Cloudflare Inc.'s Alissa Starzak discusses her former role as general counsel for the U.S. Army and the lengthy confirmation process leading up to it, as well as her present work in the private sector and views of net neutrality.
A group of 36 former employees of Stanford Group Cos. on Tuesday asked the Fifth Circuit to intervene in litigation over R. Allen Stanford's $7 billion Ponzi scheme, arguing a lower court wrongly allowed underwriters to walk away with $36 million of unpaid coverage without providing them any compensation or benefit.
A Blue Cross affiliate in Maryland can’t collect attorneys’ fees from a Houston-area medical center, the Fifth Circuit said Tuesday, finding that although the insurer successfully defended against a $39 million Employee Retirement Income Security Act suit, a fee award wasn’t warranted.
Bill Ackman’s Pershing Square Capital Management LP hedge fund plans to pare its stake in real estate developer Howard Hughes Corp. through the sale of 2.5 million shares, potentially raising more than $300 million, according to a regulatory filing Wednesday.
Recently there has been significant attention around new laws and ordinances that prohibit employers from asking job applicants about their salary history in various U.S. states and cities. But are employers outside of these jurisdictions free to ask for salary history information of applicants without risk? Hardly, say Joseph Kroeger and Audrey Roberts of Snell & Wilmer LLP.
On the heels of the new Insurance Data Security Model Law recently adopted by the National Association of Insurance Commissioners, members of Mayer Brown explain the new law, its substantive requirements, and the takeaways for the insurance industry.
When I first argued Roe v. Wade before the U.S. Supreme Court, I was told I was believed to be the youngest person ever to argue there. I was 26, says Sarah Weddington, founder of the Weddington Center.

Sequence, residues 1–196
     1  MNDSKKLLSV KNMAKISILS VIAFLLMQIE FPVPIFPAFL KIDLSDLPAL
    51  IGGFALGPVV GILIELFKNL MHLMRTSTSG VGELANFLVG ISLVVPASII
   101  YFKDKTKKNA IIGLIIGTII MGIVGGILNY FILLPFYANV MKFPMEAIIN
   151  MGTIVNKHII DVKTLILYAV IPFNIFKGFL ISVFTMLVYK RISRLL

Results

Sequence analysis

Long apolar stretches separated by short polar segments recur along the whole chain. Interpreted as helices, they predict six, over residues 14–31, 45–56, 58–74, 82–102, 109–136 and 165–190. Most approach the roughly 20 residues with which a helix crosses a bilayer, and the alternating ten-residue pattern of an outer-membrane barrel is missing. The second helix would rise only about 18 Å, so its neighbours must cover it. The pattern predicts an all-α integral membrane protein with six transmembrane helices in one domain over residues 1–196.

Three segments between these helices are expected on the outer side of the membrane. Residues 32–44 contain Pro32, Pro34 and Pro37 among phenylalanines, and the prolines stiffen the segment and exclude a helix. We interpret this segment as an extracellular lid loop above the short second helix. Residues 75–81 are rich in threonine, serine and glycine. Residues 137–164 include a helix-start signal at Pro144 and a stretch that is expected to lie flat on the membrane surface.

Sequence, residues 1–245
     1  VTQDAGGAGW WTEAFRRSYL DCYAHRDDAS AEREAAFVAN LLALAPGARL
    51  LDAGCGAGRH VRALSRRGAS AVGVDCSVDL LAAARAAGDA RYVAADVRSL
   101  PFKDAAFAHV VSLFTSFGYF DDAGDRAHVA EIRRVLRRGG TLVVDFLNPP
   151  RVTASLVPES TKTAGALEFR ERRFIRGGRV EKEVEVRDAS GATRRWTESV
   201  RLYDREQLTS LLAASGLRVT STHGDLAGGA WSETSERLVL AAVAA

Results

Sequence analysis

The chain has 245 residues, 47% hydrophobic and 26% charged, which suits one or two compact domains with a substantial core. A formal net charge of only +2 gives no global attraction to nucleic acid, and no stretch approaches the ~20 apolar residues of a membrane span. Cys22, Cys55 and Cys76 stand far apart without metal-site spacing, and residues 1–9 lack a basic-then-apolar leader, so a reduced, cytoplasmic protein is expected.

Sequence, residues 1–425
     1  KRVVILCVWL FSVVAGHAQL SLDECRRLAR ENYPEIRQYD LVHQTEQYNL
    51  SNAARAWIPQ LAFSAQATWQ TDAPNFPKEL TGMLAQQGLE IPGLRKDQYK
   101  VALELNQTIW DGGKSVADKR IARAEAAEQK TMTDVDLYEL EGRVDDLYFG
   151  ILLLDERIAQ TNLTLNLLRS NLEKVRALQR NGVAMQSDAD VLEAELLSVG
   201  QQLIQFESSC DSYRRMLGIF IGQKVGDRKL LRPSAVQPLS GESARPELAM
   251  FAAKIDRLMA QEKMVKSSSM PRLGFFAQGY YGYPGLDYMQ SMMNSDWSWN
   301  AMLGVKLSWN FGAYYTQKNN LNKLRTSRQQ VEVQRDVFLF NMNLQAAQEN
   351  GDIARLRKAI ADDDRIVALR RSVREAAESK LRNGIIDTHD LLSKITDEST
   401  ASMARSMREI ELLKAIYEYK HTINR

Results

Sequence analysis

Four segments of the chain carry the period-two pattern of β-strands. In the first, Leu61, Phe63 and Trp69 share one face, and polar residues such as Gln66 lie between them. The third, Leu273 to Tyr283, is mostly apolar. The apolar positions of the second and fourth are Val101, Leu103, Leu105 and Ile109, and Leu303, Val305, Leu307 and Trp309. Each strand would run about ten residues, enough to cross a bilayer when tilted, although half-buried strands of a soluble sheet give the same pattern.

The U.S. Supreme Court’s May 22, 2017, decision in TC Heartland, which overturned decades of accepted practice on how to evaluate the proper venue for patent litigation, has been lauded by some as ushering in a new era in patent litigation. Others — including some federal judges who have been applying TC Heartland — have found the decision to be much less significant, say Nathan Speed and Stuart Duncan Smith of Wolf Greenfield & Sacks PC.
Are the latest books on the judicial system worth reading? Federal judges share their thoughts in this series of book reviews.
Law firms are businesses where partners operate with significant autonomy. To see their priorities translate into individual partner action, firm leaders should use a few collaborative strategies, suggests Hugh A. Simons, former senior partner of The Boston Consulting Group and former COO of Ropes & Gray LLP.
Uber and taxi companies in California, Texas and New York are debating whether Uber's use of words like "safe" and "safety" is misleading and deceptive or mere "puffery." Conflicting rulings from federal courts suggest litigation on this issue will continue, says retired New York State Supreme Court Associate Justice Thomas Dickerson.
Courts have consistently held that social media accounts are subject to established discovery principles but are reluctant to allow parties to rummage through private social media accounts. Recent case law confirms that narrowly tailored information requests get the best results, say Matthew Hamilton, Donna Fisher and Jessica Bae of Pepper Hamilton LLP.
Jeh Johnson, the former secretary of homeland security, was kind enough to let me visit him to reflect on his diverse career. He told stories that left me speechless. And yes, the man who was responsible for the Transportation Security Administration removed his shoes when going through airport security. You bet I asked, says Randy Maniloff of White and Williams LLP.
While Alexander Hamilton is the subject of a hit Broadway musical and renewed biographical examinations, professor Kate Brown takes us down a road less traveled in her book "Alexander Hamilton and the Development of American Law" — showing Hamilton as first, last and foremost an American lawyer, says U.S. District Judge Rodney Gilstrap of the Eastern District of Texas.